… or How to React to Random English in Your Everyday Life Abroad.
This was supposed to be in Tokyo’s freebie listings magazine Metropolis, but it was so badly mangled by the editor that I decided to publish the original version for free here rather than the butchered version for free there. Given the topic, should be relevant to many people working in countries other than Japan too:
Even people with rubbish Japanese or who have only been here a short time have probably experienced someone with even worse English addressing them in that language, most probably a shop assistant or a man who’s looking for some free English conversation to liven his retirement up.
There are five possible reactions to this situation, all of which I’ve used at one time or another:
1) Reply in your (slightly or much) better Japanese, perhaps with your body language, tone of voice or unnecessarily advanced language showing how unhappy you were to be addressed in crappy English just because you look foreign
2) Reply in Japanese, but with a smile showing you appreciate their efforts
3) Interact silently while smiling to politely reject having to speak in English just because you don’t “look Japanese” but without rubbing their nose in it
4) Reply in English with natural speed and pronunciation, knowing that it will be met with incomprehension and so you can instantly switch to the Japanese that you’d be happier with
5) Try replying in simple English, being ready to switch to Japanese whenever it seems they might prefer that
The best response can depend on factors like how much the person addressing you in English is sweating and/ or shaking and your position in Japanese society. However, for the vast majority of people and occasions, the response should be the one I’ve resolved to use from now on, number 5. Reasons include:
- It is the only option that takes the attempt to address you in English in the spirit in which it is usually intended, which is to help you and/ or make you feel welcome in Japan
- The Japanese are often criticised for being shy about speaking English, so it hardly seems fair to disapprove of them doing so, whatever the circumstances
- They might assume you’ve not understood their English or be embarrassed by your reaction, and so almost certainly not try to speak English outside the classroom again
- Many people are impressed by the helpfulness and welcoming nature of Japanese who help or chat to visitors in English (as my gran was when she visited in the 70s), and there is no way that the person speaking to you could know that you were going to take it another way
- It might not even be their choice to speak English, but rather something pushed on them by their employer or English teacher.
- The Japanese government (and so presumably population) agrees to giving us visas with the stated ambition of “internationalising” Japan, and I’d imagine they would want us to “gambarimasu” with that even in our free time, especially with the Olympics already on everyone’s minds. That duty includes many people who are not actual language teachers but have nonetheless been employed at least partly with the idea of getting the Japanese people around them used to dealing with gaikokujin.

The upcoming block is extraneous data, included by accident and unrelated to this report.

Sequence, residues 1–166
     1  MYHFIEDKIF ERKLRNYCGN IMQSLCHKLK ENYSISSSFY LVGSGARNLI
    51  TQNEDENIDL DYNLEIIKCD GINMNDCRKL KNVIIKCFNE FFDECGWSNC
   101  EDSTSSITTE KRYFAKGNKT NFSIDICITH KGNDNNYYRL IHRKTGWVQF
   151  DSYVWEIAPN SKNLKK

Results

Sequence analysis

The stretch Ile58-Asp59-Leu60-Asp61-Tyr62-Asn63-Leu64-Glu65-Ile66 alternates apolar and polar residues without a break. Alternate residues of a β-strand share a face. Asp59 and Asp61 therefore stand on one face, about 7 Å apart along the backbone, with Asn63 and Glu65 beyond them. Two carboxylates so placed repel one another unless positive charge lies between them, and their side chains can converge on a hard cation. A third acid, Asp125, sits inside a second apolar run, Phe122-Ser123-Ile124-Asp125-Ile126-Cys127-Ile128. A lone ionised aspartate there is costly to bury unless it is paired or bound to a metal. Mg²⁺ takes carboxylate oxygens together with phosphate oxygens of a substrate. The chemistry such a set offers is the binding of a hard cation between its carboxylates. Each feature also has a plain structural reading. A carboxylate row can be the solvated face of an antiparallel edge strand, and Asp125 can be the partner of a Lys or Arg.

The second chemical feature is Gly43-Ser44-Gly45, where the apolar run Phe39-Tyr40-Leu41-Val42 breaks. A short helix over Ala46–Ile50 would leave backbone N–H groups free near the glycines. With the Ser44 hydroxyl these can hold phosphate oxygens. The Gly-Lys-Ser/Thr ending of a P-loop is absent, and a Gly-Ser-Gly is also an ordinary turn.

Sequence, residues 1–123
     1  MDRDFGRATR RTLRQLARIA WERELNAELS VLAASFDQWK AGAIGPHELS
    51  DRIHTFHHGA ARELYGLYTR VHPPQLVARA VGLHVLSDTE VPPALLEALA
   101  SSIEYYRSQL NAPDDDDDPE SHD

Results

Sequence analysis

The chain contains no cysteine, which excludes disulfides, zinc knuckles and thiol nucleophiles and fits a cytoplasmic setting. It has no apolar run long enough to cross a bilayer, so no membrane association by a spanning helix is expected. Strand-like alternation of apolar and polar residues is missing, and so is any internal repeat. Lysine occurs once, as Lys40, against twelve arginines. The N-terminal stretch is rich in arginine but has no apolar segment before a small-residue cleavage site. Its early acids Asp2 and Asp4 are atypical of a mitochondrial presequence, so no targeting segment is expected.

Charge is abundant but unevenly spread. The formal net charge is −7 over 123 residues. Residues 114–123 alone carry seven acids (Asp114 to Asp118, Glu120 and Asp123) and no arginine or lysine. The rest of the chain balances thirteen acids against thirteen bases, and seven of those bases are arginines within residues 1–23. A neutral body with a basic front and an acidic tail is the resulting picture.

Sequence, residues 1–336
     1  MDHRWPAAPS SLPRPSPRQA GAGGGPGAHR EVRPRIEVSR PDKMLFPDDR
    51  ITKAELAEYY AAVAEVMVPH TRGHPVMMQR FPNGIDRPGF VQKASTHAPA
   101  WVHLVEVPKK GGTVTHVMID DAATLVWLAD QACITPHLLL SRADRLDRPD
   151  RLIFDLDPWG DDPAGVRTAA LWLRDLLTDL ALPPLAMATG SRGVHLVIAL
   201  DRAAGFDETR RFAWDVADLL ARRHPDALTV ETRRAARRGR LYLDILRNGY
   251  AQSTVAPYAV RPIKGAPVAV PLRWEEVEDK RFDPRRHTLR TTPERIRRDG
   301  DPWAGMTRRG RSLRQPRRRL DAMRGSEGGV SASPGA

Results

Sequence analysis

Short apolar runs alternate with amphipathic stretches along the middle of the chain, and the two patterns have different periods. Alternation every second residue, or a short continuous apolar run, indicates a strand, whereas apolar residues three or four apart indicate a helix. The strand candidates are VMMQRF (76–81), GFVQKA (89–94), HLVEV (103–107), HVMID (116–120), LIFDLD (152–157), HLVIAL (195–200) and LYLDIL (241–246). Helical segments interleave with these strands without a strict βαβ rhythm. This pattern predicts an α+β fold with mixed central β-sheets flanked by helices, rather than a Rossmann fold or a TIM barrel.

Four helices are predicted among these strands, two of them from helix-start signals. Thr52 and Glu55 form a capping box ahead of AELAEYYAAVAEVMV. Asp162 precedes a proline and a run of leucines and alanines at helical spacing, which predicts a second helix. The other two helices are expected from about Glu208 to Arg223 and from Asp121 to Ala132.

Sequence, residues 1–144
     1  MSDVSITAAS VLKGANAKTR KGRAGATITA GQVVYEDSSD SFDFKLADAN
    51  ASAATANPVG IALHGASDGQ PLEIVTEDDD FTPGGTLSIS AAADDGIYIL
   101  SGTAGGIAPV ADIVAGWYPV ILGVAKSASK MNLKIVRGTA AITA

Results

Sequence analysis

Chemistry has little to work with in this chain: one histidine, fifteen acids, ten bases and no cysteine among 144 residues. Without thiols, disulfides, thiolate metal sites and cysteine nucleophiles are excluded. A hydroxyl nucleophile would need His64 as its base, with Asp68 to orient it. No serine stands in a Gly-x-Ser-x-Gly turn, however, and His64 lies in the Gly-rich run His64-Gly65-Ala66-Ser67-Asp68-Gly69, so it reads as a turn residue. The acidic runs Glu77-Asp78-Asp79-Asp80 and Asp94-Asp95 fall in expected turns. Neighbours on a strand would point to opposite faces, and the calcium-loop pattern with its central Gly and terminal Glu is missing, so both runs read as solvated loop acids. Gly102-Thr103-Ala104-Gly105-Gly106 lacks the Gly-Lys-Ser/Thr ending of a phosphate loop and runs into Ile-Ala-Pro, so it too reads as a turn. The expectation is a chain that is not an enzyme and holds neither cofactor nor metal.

Some people think the automatic switching to English when someone doesn’t “look Japanese” is a kind of racism, and I imagine it is true that it is the colour of your skin, hair and/ or eyes that is the prompt in the majority of cases. However, this is simply an easy shortcut in the same way as Tunisian market traders seem to spot my French-Tunisian friend’s clothes and/ or body language and so know instantly that she’s a potential target – and in Japan it is usually without the aim of hard sell. I therefore can’t get myself worked up about the race part of the equation in this kind of case.
Perhaps the strongest objection to replying in English to English used randomly with strangers is a milder version of the same argument – that the Japanese need to get used to people with different backgrounds being part of Japanese society and being treated the same as other citizens of this country. I absolutely accept this point – for the few incomers who really are trying to become part of Japanese society. Personally, I’m not willing to accept the social pressure etc that truly “becoming Japanese” would entail and embrace my role as an outsider who acts and is treated differently.
Therefore, though it’s often inconvenient, uncomfortable and even annoying, I really can’t justify anything other than responding to all attempts at my native tongue in convenience stores, trains and stations with a smile and as polite and simple an English reply as I can manage. I even usually succeed in suppressing the thought “You owe me several hundred yen for those few minutes of free Eikaiwa, mate”. In fact, a bit like smiling even when you are depressed actually making you happy, responding in the nicest way seems to be making me appreciate people’s efforts in using English with me more, however little I need it. As it is almost certainly making them feel better too, I urge most of you to join me in the struggle.